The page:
RSRQ to SINR Relation

RSRQ to SINR Relation

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It is common sense that the performance of any wireless system has a direct relationship with the RF conditions at the time. To aid with performance analysis then, it is typical to define some ranges of RF measurements that correspond to some typical RF conditions one might find themselves in.

The following table represents a good classification of RF conditions Vs LTE KPIs

RF ConditionsThe source of this table is a EUTRAN vendor and has been complied during the RF tuning process for a major US operator. Of course there are no rules as to how various RF conditions are classified, so different tables will exist but to a great extent you can expect them to align.

In this particular example, three measurement quantities are used

  • RSRP(Reference Signal Received Power)

  • RSRQ (Reference Signal Received Quality)

  • SINR (Signal to Interference & Noise Ratio)

You can find more info about RSRP and RSRQ in our HOT article: RSRP and RSRQ Measurement in LTE

Instead, in this article we would like to highlight some of question about SINR & RSRQ relations.SINR is defined as:SINR Total Definition


  • S: indicates the power of measured usable signals. Reference signals (RS) and physical downlink shared channels (PDSCHs) are mainly involved
  • I: indicates the average interference power – the power of measured signals or channel interference signals from other cells in the current system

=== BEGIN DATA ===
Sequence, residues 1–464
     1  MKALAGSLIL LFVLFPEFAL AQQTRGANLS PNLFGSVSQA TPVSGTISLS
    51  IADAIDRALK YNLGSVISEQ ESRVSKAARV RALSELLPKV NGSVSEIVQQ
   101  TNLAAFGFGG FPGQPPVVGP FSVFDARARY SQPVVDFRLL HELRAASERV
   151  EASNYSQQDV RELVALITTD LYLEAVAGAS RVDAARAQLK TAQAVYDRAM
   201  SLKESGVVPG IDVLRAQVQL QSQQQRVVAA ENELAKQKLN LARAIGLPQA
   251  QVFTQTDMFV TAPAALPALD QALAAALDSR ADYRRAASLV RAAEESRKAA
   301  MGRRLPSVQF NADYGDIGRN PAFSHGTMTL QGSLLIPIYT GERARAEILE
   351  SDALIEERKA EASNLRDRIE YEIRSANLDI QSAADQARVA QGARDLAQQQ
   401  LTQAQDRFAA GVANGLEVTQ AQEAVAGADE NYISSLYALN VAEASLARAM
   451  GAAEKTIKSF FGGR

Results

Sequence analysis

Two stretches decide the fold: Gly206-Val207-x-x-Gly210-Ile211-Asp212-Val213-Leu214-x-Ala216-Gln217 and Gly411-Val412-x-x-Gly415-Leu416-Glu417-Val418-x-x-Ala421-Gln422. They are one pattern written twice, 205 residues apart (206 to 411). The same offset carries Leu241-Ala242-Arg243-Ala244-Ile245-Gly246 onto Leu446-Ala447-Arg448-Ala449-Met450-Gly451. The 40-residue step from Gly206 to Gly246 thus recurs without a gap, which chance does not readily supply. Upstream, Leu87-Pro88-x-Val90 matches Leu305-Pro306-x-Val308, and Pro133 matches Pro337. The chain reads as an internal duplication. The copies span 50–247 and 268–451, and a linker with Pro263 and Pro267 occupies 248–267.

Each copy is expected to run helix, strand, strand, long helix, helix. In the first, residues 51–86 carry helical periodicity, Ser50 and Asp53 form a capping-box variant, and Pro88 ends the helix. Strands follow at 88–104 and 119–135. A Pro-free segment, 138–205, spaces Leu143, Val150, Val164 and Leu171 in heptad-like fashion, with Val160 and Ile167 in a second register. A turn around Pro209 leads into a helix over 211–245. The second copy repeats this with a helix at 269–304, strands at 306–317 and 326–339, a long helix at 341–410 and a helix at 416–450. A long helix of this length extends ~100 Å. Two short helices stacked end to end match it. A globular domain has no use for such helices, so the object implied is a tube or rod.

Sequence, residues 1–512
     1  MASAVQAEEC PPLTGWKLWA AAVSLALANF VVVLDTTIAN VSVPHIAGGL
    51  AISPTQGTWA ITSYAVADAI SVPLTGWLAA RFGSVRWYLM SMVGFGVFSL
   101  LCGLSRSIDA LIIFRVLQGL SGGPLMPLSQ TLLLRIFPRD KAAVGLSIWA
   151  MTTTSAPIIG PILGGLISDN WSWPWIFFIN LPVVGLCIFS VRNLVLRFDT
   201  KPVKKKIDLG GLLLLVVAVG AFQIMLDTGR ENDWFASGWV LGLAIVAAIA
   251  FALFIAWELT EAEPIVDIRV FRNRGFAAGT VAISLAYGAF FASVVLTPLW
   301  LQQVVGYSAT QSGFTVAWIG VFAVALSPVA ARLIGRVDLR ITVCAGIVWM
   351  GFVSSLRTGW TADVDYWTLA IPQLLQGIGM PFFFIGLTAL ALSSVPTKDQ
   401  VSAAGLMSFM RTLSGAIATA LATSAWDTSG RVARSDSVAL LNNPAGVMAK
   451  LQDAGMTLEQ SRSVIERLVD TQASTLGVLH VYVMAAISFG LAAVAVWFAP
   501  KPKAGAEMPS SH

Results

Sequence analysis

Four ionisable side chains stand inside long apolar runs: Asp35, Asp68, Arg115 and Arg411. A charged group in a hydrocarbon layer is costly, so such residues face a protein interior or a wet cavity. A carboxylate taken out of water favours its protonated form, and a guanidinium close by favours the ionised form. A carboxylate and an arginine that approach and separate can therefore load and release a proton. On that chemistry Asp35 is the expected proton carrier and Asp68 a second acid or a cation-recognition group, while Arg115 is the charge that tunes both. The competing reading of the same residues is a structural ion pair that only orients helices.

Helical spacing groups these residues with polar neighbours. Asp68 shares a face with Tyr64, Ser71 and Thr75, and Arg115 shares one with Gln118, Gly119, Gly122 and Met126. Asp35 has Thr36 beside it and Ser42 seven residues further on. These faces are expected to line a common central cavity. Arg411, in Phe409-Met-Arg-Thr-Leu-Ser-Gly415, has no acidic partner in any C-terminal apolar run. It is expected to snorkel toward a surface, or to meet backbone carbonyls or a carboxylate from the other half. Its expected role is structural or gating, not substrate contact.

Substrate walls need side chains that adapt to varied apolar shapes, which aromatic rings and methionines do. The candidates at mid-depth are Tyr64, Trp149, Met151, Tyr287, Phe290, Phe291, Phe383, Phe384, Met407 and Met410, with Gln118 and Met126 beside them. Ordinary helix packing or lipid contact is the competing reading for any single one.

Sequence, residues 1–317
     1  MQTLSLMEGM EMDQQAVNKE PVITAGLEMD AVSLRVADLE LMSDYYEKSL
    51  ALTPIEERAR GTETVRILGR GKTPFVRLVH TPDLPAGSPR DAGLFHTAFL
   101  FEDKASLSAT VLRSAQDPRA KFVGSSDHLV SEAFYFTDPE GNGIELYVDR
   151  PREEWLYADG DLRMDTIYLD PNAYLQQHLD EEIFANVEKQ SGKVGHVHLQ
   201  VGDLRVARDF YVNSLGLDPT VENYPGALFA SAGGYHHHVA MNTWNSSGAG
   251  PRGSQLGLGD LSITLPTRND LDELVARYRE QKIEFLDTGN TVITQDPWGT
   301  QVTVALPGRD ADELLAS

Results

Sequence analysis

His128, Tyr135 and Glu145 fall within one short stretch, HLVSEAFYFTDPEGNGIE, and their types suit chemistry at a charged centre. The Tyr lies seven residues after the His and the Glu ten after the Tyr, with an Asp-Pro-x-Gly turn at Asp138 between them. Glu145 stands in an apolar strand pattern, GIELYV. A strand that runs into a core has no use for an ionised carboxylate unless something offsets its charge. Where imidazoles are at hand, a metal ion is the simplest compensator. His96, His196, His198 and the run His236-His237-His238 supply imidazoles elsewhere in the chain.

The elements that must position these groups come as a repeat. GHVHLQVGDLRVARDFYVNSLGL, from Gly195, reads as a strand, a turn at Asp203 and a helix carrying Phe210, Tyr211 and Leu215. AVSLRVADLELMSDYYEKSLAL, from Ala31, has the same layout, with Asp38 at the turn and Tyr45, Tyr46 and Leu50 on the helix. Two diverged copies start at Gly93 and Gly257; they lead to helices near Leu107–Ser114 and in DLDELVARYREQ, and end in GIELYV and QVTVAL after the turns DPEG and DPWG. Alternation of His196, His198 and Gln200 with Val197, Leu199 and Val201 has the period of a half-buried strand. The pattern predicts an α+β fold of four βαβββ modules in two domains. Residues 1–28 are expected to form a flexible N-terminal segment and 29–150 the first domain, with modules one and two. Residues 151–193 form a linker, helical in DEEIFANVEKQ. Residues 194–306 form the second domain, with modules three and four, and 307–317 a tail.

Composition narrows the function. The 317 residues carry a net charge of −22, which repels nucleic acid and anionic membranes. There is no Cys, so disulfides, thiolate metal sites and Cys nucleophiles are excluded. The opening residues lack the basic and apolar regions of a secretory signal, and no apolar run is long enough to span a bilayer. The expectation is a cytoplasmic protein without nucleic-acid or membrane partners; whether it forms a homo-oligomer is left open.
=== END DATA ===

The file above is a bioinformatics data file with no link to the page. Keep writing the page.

• N: indicates background noise, which is related to measurement bandwidths and receiver noise coefficients

All quantities are measured over the same bandwidth and normalized to one sub-carrier bandwidth.

SINR is a measure of signal quality as well but it is not defined in the 3GPP specs but defined by the UE vendor. It is not reported to the network. SINR is used a lot by operators, and the LTE industry in general, as it better quantifies the relationship between RF conditions and Throughput. UEs typically use SINR to calculate the CQI (Channel Quality Indicator) they report to the network.

It is a common practice to use Signal-to-Interference Ratio (SINR) as an indicator for network quality. It should be however noted that 3GPP specifications do not define SINR; therefore UE does not report SINR to the network. SINR is still internally measured by most UEs and recorded by drive test tools.